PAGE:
The Event Supplier and Services Association’s (ESSA) 2022 Annual Conference challenged its members to explore the cost-effective benefits of leading rather than managing.
The conference, held at The Forest of Arden Hotel, Birmingham in conjunction with headline sponsors beMatrix and Abraxys Global, was filled with enlightening discussions and powerful insights on skills that can easily be applied to empower people and organisations.
Opening the conference, ex-detective inspector and founder of coaching service Mindsmith, Ian Washington-Smith, discussed how creating new possibilities is far easier to achieve when making small changes to mindset to allow a more flexible way of thinking. He asked members to question if they really do apply flexible thinking to every scenario.
Washington-Smith revealed that an understanding of three knowledge types – what you know, what you don’t know, and what you think you know that may not be true – can directly impact beliefs and perception, which are two very different things.
‘Your beliefs can create what you perceive, and values and beliefs create behaviours’, argued Washington-Smith. Simply being aware of this – by bringing it out from the subconscious into the conscious mind – can have a significant positive impact on input and output within an organisation.
Virgin Atlantic’s head of customer service, Jan Moir further supported this theory saying, ‘the environment you create within your organisation is exactly what your customers see – reputations matter’.
In a session entitled ‘Living on the edge of chaos’, former UK hostage negotiator Nigel Taberner explored how listening is a negotiating superpower and is the most powerful gift you can give to someone. He believes through listening comes knowledge, and knowledge is power. A common mistake when problem-solving is to do it from your own perspective. Instead, it’s far more valuable to tap into the values and beliefs of others, learn what makes them tick and never underestimate the importance of the first 60 seconds of a significant conversation.
This year, ESSA also hosted its first sales stream workshop during the conference, ‘Sales hasn’t changed, selling has changed’. Event industry sales professionals benefitted from the expertise of three speakers. Stephan Murtagh, The Exhibition Guy, discussed how all good things start with a story, highlighting that it’s not always necessary to look to competitors for inspiration. Nigel Taberner, who also spoke at the main conference, reiterated that we should ‘listen as if a life depends on it’ alongside creating a community within which to build connections and trust. Corporate training expert Jamie Johnson, co-founder of JFR Training, shared his top tips on the art and science of selling, which included creating good habits, the importance of making a good first impression and how taking notes in meetings will serve you well when you next meet someone.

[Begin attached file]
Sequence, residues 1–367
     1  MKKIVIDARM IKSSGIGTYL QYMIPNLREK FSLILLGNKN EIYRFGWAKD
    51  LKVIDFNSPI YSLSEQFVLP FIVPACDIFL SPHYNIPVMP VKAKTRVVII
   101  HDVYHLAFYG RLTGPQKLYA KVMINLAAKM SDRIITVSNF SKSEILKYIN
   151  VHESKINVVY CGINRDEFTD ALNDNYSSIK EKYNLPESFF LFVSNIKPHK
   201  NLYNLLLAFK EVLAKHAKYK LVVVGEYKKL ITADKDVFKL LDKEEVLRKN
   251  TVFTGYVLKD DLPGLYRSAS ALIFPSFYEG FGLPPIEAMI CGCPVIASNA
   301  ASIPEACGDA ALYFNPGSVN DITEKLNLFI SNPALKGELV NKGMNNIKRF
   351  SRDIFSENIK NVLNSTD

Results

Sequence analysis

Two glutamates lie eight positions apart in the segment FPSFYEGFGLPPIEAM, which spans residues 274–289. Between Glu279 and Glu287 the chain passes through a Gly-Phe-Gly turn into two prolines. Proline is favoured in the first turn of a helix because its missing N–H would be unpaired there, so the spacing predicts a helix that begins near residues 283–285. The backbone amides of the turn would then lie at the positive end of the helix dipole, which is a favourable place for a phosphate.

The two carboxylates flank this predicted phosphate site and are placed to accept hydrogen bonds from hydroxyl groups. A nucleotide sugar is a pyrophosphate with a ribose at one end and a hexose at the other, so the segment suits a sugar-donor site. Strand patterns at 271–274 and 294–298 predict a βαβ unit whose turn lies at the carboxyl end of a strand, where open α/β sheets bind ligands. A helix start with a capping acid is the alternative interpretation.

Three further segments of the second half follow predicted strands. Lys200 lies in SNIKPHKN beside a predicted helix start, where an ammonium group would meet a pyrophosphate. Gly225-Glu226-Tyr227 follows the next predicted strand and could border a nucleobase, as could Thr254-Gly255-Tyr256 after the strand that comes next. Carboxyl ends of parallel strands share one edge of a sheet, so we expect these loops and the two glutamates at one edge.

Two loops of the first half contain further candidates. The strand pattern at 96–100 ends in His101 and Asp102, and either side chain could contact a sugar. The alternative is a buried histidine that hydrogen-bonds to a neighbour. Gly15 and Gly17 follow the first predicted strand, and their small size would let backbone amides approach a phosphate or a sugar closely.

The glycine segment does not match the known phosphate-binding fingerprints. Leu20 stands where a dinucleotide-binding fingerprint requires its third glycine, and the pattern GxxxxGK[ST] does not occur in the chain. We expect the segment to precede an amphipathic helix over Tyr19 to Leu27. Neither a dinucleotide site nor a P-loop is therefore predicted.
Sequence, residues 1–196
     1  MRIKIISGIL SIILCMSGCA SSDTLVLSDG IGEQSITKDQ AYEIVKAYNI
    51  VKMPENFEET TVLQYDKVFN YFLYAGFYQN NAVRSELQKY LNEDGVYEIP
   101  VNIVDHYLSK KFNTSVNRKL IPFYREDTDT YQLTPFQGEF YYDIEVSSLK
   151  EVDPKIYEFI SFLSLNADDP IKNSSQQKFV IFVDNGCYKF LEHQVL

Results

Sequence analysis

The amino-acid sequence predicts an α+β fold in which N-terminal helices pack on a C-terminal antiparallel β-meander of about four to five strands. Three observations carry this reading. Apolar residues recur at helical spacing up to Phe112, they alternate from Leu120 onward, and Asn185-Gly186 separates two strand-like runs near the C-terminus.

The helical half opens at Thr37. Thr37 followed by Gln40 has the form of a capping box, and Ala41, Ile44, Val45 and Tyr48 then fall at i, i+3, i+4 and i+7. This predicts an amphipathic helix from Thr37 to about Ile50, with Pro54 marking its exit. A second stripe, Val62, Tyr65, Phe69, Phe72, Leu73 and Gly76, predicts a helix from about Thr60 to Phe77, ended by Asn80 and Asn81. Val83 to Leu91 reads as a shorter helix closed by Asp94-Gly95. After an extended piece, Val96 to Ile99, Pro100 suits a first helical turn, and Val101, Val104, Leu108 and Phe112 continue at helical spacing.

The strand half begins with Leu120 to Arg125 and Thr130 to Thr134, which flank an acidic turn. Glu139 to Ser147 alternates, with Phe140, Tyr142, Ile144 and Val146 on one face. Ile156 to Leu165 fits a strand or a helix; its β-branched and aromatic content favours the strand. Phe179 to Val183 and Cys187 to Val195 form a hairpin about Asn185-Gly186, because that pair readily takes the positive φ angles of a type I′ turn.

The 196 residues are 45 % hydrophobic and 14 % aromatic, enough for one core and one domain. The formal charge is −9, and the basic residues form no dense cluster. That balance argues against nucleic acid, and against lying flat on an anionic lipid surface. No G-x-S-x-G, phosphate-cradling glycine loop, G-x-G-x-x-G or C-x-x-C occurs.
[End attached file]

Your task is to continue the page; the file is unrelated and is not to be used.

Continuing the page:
Closing the conference, Nicolas Hamilton, who achieved history in motorsport by being the first disabled person to compete in the British Touring Car Championship, discussed his inspirational journey to success against the odds.
He said life is 90% mental and 10% physical, with mental challenges the toughest to overcome. He advised building a firm foundation when looking to overcome challenges and ‘always look to the person next to you for help and don’t be ashamed to do so’. Ultimately, Hamilton believes to help yourself, you have to help others.
ESSA director Andrew Harrison said: “This year’s conference encouraged us to ask how we change from being managers to effective leaders. Good leadership will help create the right environment to facilitate great input, which in turn can lead to resoundingly positive output where the rewards speak for themselves.
“The wealth of inspiring stories and key learnings peppered throughout the day provided much to reflect on and introduced us to several transferable skills that can easily be implemented into our day-to-day lives. It’s clear to see that making even small, low-cost changes has the potential to make a significant and fundamental difference, with the obvious tools in our armoury being the power of listening and flexible thinking. The value of the mind and how resourceful it can be is not to be underestimated.”